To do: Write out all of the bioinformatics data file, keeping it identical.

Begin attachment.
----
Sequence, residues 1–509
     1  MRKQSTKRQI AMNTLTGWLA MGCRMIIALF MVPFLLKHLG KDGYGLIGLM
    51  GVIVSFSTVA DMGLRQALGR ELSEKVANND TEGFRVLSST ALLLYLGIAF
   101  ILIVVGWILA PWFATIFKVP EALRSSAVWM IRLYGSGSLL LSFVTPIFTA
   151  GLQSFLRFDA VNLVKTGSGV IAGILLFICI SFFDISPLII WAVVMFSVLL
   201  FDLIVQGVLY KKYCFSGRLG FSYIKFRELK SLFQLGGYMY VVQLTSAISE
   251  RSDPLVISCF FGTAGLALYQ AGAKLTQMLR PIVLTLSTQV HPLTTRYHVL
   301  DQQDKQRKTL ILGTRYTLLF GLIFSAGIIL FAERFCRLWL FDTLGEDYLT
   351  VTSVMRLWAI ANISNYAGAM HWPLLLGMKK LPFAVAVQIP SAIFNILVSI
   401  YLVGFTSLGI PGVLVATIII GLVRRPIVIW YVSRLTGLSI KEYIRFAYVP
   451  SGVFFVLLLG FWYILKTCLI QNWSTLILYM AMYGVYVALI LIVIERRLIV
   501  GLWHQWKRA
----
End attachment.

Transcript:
Sequence, residues 1–509
     1  MRKQSTKRQI AMNTLTGWLA MGCRMIIALF MVPFLLKHLG KDGYGLIGLM
    51  GVIVSFSTVA DMGLRQALGR ELSEKVANND TEGFRVLSST ALLLYLGIAF
   101  ILIVVGWILA PWFATIFKVP EALRSSAVWM IRLYGSGSLL LSFVTPIFTA
   151  GLQSFLRFDA VNLVKTGSGV IAGILLFICI SFFDISPLII WAVVMFSVLL
   201  FDLIVQGVLY KKYCFSGRLG FSYIKFRELK SLFQLGGYMY VVQLTSAISE
   251  RSDPLVISCF FGTAGLALYQ AGAKLTQMLR PIVLTLSTQV HPLTTRYHVL
   301  DQQDKQRKTL ILGTRYTLLF GLIFSAGIIL FAERFCRLWL FDTLGEDYLT
   351  VTSVMRLWAI ANISNYAGAM HWPLLLGMKK LPFAVAVQIP SAIFNILVSI
   401  YLVGFTSLGI PGVLVATIII GLVRRPIVIW YVSRLTGLSI KEYIRFAYVP
   451  SGVFFVLLLG FWYILKTCLI QNWSTLILYM AMYGVYVALI LIVIERRLIV
   501  GLWHQWKRA